Semi recovery // feeling a little vulnerable
’ve been putting some things on paper recently and since I’m the queen of being an open book; I’m going to share my latest thoughts and feeling about my own personal eating disorder recovery with you.
I’ve been wanting do to this earlier, but a lot of work related things got in the way and that meant I couldn't be glued to a screen anymore. So bare with me, because this piece of paper isn't my finest english, plus it’s not as elaborate as I wanted it to be.
Here’s the thing: this past week I’ve been struggling a bit more with eating disordered thoughts. I still know that I’m on the right track to be completely mentally free. But I’m also aware that neural rewiring TAKES TIME. (aka creating new pathways, meaning unlearning old toxic ed related behaviours and thoughts and re-learning new behaviours and thoughts).
I can't emphasise enough how important it is not to get complacent in recovery, because semi-recovery is a dangerous position to be in.
Things might seem sort of okayish RIGHT NOW, but if you’re still mentally and physically torturing yourself on a daily or weekly basis because of something you just ate or how much you exercised that week: YOU STILL NEED TO WORK ON FACING YOUR FEARS.
still have chronic Lyme and that means I’m in chronic pain, usually exhausted but yet I’m trying to grow my online business, maintain a social life with alcohol involved (FYI: I don’t ever drink until I’m waisted and after 12 years of no drinking, I’m REALLY happy alcohol isn’t a fear of mine anymore and I seem to tolerate it pretty well so far. “knock on wood”) AND I have a boyfriend for the first time in my life who challenges me to get out of my comfort zone, be vulnerable, open and letting my guard down is so scary.… But also really cathartic and incredibly helpful. Hence I feel more anxious, because I’m challenging myself more in every aspect of life.
I haven’t tackled all my fear foods in the past three years and that means I need to start RIGHT NOW and continue until things aren't a fear anymore. To give you an example: crisps/chips were a huge fear of mine, so of course I craved it Every. Single. Day.
But I was too afraid to even have one chip. So I’ve been literally eating chips every single day for the past two weeks and 1. I’m done with chips for a couple of days. LOL.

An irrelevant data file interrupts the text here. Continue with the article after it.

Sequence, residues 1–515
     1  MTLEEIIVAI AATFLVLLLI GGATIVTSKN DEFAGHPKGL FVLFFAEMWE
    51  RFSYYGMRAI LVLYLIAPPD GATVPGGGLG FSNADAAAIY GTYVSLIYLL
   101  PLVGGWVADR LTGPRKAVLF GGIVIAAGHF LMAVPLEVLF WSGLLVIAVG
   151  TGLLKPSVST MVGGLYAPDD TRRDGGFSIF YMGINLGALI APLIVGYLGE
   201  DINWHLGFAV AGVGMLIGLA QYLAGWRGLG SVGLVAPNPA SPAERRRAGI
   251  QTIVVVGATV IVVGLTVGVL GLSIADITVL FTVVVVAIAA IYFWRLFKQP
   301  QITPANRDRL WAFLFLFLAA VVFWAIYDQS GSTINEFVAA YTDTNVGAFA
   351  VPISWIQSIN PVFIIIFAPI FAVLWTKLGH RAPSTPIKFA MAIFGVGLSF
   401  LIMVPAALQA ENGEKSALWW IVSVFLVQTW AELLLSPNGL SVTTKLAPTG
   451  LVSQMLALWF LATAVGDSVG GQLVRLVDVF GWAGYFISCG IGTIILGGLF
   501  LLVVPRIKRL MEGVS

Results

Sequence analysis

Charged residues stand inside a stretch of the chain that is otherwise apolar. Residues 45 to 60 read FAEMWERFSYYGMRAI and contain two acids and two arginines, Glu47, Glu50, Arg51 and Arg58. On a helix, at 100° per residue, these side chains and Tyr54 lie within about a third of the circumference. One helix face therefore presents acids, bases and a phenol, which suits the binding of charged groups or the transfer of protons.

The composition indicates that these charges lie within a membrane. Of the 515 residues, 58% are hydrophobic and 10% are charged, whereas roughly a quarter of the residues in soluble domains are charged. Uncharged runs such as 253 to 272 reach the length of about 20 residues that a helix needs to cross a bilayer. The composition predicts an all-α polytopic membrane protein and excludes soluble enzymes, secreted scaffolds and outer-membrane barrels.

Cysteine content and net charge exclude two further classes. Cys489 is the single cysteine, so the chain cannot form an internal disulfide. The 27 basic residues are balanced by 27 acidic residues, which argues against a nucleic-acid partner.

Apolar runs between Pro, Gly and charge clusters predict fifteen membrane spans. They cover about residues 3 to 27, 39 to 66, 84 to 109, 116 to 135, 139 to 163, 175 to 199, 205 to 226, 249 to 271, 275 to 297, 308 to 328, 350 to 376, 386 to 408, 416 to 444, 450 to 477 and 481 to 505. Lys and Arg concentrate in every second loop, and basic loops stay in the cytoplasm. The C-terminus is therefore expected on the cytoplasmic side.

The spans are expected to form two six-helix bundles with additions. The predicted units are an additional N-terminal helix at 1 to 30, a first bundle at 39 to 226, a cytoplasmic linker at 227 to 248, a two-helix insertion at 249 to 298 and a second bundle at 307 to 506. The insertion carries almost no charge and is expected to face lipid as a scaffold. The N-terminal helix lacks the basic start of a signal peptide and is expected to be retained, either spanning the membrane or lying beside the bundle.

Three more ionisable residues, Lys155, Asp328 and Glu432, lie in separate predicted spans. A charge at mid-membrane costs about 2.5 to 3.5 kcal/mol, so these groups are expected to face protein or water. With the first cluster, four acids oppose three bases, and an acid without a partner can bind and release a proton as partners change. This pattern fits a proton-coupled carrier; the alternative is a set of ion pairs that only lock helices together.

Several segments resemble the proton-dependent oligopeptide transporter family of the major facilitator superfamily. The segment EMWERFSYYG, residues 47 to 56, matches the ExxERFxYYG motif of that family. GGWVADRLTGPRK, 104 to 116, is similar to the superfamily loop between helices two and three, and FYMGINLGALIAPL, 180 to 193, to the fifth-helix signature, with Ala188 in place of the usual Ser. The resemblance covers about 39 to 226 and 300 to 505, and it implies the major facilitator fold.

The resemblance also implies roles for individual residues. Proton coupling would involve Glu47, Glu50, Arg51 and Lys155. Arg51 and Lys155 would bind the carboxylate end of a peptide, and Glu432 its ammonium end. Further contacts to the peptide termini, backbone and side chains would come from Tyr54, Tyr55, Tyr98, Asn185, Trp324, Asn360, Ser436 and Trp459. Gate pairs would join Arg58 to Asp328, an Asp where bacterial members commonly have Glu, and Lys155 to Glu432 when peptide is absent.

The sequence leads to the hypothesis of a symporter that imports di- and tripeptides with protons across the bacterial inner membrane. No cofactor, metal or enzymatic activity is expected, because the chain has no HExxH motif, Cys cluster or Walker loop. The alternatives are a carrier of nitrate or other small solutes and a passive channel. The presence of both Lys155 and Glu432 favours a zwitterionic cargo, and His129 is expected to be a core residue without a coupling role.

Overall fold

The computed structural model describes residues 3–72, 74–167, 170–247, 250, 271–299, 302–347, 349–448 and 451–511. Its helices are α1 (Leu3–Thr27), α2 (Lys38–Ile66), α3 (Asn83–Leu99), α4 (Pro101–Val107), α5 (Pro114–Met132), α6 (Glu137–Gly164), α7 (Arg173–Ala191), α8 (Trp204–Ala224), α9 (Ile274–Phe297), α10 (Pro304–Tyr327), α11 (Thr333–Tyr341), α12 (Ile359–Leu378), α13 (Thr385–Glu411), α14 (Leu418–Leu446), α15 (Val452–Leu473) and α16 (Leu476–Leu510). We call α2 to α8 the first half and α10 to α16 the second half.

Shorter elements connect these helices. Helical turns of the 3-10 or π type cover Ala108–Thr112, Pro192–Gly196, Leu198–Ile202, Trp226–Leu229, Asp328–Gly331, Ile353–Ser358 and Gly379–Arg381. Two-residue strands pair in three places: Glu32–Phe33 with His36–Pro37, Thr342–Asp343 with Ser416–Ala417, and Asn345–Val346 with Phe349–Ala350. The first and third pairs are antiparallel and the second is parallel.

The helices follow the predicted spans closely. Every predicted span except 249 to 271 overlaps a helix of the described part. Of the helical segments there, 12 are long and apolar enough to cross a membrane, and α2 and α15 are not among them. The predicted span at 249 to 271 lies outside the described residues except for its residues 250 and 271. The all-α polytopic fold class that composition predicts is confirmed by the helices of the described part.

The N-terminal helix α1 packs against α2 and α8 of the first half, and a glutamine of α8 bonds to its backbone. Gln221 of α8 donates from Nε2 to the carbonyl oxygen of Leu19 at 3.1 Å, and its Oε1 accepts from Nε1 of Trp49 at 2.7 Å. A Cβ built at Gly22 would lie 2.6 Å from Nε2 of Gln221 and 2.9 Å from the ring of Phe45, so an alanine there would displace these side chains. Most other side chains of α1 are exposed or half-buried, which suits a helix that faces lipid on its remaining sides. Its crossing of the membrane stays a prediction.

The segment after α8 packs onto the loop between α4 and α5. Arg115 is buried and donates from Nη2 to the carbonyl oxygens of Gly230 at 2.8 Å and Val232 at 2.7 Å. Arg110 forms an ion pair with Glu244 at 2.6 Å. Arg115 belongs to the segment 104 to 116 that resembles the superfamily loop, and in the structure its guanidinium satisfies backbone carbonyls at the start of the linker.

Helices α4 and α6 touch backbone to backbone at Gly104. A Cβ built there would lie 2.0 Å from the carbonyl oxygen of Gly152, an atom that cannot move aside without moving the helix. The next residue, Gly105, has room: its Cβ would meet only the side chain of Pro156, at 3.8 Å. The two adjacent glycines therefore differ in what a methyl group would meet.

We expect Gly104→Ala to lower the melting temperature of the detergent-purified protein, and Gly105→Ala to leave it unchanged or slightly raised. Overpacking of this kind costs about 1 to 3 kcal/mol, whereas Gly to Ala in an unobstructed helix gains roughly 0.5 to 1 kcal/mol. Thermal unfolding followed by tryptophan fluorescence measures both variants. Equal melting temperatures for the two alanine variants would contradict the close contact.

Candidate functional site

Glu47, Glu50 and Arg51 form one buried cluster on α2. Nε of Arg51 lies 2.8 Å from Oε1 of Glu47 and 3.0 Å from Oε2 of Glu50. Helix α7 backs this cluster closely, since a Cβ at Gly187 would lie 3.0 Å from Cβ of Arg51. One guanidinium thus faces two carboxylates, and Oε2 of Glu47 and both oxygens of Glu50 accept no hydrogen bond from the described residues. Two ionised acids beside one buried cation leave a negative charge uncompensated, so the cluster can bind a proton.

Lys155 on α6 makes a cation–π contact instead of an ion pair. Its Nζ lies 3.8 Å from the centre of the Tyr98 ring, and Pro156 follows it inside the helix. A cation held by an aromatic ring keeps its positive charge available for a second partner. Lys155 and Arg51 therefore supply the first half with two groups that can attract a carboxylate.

and 2. They are no longer a fear! It’s super obvious and simple, but this is how it works with every fear food or compulsive behaviour.
Lastly: I’m still secretly afraid of getting “fat”. Whatever that means. I’m a pretty big eater, but knowing my genetics, I have a small frame and I have been at this weight for three solid years with a little tiny fluctuation of maybe 2/3/4 kilos. (I don’t weigh myself, so I’m not accurate).
And this is my conclusion of the day: I DON’T WANT TO CARE ANYMORE. I'm about to be a body positive facilitator, damn it. I can't think of myself like this. Plus I want to be a good role model for young girls.
So IF I get fat, then what? (It's all in my head. I rationally know this, but we former anorexics tend to nitpick at our bodies and there’s always something that could be better, tighter etc.)
It’s not the end of the world to have some extra cushioning if that means I have complete freedom, no anxiety, I can eat whatever I want and not be controlled by any rules.
I want that complete free life and although it’s a tough road ahead, it’s in my power and I know I can make that realization a reality. I’ve come so far, it’s just a few more hurdles, a bit more facing fears, vulnerabilty, falling flat on my face and getting up again.
Talking about being vulnerable: It’s kind of a thing to share this, but I don't want to pretend I’m completely free of eating disordered thoughts. I still consider myself on the path of full recovery.
I love coaching other women who struggle with eating disorders and I'm proud to say most of my clients (still feels weird to say that) have made some amazing strides in their recovery.
But sometimes I need to have my own coach as well. ;)
Thanks for listening. :)